That Obscure Object of Desire
Luis Buñuel’s final film brings full circle the director’s lifelong preoccupation with the darker side of desire. Buñuel regular Fernando Rey plays Mathieu, an urbane widower, tortured by his lust for the elusive Conchita. With subversive flair, Buñuel uses two different actors in the latter role—Carole Bouquet, a sophisticated French beauty, and Ángela Molina, a Spanish coquette. Drawn from the surrealist favorite Pierre Louÿs’s classic erotic novel La femme et le pantin (The Woman and the Puppet, 1898), That Obscure Object of Desire is a dizzying game of sexual politics punctuated by a terror that harks back to Buñuel’s avant-garde beginnings.
Luis Buñuel’s final film, That Obscure Object of Desire, re-enters The Criterion Collection and is presented on the third dual-layer disc in Criterion’s box set Three Films by Luis Buñuel. The film is yet again presented in the aspect ratio of 1.66:1. It has also been given a 1080p/24hz high-definition encode.
Like the other two films in the set (The Discreet Charm of the Bourgeoisie and The Phantom of Liberty) Criterion is simply using an older high-definition master (sourced from a 35mm interpositive) and it looks to be the same one they used for their previous DVD edition. This isn’t terrible, and I’d go as far to say this ends up providing the best-looking presentation in the set, but it is still open to improvement.
In all, there is a decent film-like quality to the image. It’s not great, film grain looking a bit muddled in places, but it’s acceptable. This leads to decent details and the image remains sharp and clear throughout. I haven’t seen the StudioCanal disc (released by Lionsgate in North America) but based on clips from the film used throughout the features ported from that edition and found on this edition, it appears that the StudioCanal release had some de-graining applied, giving the image a waxy texture (if those clips are representative of the StudioCanal release), which the Criterion edition happily doesn’t do. It’s worth noting that this is the only film in the set that doesn’t open with the new StudioCanal logo, so it’s possible Criterion isn’t using the same restoration/master that the StudioCanal releases are.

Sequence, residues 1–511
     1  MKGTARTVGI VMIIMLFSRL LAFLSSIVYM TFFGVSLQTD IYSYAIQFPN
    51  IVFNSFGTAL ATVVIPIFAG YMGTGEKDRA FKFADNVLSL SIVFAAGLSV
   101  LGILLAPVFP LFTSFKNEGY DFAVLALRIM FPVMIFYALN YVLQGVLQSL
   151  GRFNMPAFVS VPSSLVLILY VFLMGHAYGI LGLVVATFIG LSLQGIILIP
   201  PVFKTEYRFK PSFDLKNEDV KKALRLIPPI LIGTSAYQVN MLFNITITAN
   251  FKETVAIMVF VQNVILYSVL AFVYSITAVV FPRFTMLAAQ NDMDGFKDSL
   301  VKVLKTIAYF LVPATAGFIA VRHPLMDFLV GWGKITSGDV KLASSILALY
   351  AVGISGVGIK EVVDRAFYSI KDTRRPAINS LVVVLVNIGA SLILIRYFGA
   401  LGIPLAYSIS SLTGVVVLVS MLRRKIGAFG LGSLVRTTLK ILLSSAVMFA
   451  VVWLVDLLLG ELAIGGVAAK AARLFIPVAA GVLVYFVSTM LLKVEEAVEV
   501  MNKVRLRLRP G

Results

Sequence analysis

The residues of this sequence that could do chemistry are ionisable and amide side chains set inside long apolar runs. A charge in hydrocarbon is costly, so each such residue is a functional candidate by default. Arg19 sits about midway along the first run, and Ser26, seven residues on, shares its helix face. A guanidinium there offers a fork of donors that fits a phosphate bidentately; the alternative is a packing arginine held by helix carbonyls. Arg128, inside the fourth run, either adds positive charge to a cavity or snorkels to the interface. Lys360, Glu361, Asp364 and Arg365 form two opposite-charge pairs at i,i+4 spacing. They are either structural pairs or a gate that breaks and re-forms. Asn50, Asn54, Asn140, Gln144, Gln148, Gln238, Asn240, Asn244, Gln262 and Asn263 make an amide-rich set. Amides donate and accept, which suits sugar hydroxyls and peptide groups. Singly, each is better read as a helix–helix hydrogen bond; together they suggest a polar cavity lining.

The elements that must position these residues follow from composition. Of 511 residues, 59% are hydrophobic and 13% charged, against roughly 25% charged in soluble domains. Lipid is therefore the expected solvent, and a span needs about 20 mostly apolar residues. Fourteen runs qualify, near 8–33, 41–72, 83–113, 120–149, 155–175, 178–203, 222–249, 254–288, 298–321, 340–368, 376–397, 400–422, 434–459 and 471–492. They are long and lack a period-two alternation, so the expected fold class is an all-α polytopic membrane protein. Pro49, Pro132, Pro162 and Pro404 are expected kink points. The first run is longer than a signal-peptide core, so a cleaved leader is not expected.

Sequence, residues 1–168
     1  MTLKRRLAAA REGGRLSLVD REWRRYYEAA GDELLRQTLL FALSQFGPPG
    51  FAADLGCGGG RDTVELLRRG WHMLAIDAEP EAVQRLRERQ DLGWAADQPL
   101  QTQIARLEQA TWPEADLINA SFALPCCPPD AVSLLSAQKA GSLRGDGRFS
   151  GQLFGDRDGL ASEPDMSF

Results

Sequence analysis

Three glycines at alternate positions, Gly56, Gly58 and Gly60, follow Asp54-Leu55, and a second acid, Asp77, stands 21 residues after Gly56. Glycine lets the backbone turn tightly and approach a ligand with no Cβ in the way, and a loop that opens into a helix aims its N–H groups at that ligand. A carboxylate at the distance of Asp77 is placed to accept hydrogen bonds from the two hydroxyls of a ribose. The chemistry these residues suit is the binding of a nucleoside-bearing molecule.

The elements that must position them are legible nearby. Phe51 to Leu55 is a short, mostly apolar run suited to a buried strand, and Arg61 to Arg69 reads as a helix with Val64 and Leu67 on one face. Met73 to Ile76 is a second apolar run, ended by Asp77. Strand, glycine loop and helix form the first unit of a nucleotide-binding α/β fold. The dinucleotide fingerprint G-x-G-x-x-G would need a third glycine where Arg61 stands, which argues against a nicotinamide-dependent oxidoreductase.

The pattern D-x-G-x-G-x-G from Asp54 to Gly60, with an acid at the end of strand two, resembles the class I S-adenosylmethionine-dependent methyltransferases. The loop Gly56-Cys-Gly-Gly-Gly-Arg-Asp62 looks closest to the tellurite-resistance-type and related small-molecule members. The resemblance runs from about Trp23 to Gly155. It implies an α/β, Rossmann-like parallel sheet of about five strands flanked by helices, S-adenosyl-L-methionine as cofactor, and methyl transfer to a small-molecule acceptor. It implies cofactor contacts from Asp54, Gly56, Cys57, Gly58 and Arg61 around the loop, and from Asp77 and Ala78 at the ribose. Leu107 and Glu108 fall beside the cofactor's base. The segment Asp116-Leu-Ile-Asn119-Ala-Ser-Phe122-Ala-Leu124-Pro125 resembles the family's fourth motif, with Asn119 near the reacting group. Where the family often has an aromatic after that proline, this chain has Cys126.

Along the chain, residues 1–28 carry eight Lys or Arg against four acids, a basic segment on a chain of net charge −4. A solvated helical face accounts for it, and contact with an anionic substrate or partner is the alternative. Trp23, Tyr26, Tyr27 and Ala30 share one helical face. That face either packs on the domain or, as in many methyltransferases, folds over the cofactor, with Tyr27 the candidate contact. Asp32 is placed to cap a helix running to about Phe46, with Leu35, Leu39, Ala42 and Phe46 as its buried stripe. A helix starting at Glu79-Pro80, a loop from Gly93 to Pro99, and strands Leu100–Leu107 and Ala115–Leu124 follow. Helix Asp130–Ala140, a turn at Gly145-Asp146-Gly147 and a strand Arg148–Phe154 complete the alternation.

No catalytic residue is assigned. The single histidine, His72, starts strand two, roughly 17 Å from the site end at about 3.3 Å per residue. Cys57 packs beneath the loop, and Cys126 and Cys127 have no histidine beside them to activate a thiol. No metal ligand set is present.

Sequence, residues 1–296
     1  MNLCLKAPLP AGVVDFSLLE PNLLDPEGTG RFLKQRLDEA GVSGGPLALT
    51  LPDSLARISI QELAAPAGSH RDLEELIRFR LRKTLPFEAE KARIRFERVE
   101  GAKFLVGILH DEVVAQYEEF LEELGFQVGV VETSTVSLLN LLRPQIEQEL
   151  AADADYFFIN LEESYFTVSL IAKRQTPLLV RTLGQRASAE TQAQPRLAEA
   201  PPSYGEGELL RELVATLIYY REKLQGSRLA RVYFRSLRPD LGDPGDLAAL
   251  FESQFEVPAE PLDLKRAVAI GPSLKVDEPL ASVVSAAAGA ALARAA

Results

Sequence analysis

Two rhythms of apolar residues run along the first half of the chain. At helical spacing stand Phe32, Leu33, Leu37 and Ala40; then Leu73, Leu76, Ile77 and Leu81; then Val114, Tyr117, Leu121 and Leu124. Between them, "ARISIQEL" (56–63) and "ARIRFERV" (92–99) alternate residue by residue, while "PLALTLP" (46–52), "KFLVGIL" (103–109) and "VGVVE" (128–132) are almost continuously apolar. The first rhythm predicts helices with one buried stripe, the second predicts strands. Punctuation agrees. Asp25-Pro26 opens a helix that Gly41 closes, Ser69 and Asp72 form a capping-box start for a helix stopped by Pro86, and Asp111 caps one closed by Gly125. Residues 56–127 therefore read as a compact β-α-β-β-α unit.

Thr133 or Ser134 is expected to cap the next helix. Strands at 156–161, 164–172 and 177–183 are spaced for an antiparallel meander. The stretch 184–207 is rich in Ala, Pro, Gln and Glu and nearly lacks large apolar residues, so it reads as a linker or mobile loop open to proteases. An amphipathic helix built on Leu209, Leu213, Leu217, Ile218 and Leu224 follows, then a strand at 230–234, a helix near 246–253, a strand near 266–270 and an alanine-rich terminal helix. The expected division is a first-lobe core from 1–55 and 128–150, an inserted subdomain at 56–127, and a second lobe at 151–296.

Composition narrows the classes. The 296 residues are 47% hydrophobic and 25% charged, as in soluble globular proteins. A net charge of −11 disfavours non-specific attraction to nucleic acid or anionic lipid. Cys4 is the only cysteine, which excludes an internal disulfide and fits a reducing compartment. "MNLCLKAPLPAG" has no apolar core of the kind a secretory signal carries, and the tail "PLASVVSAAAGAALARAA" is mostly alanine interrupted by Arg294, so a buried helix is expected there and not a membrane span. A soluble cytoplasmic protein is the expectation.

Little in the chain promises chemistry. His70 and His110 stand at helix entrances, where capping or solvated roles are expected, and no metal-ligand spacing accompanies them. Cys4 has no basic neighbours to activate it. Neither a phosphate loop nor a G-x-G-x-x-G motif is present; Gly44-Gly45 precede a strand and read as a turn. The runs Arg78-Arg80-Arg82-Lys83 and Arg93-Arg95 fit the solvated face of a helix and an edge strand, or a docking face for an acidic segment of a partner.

As to colours, they’re fine. They can look a little washed and lean warm but don’t come off overly yellow, and they look similar to the DVD. Blues and reds manage to stick out. Black levels are touch-and-go: generally they’re strong but a few darker shots look murky. Further restoration has been done and outside of a few minor marks damage is minimal, and compression is also better in comparison to Criterion's older DVD. In the end it’s fine enough, it’s just that the film could really use a new restoration.
Criterion includes two soundtracks, both in 1.0 mono: the original French, presented in lossless PCM, and an English dub in Dolby Digital. The French soundtrack is the better sounding of the two, with better fidelity and clarity. Dialogue sounds clear and the few explosions that happen in the film manage to show some range, though limited.
The English track is flatter and presents more background noise. The English dubbing for Fernando Rey is also hard to take (it's worth nothing that while I don't know who dubs Rey in the English version, Michel Piccoli dubs over Rey in the French version). I'll stick to the French track but I still like that Criterion included the English version, if just for curiosity's sake.
Similar to the other titles in the set, Criterion ports over the features from their previous DVD edition while also adding some new content. Along with the film’s theatrical trailer, Criterion ports over the 19-minute interview featuring screenwriter Jean-Claude Carriere. Carriere talks extensively about how he and Buñuel worked together, which usually involved them living together for weeks or months. The writer then gets into how Buñuel came up with the idea of casting two actors in the same role, which was born out of frustration (Buñuel had initially cast Maria Schneider and he found it difficult to work with her).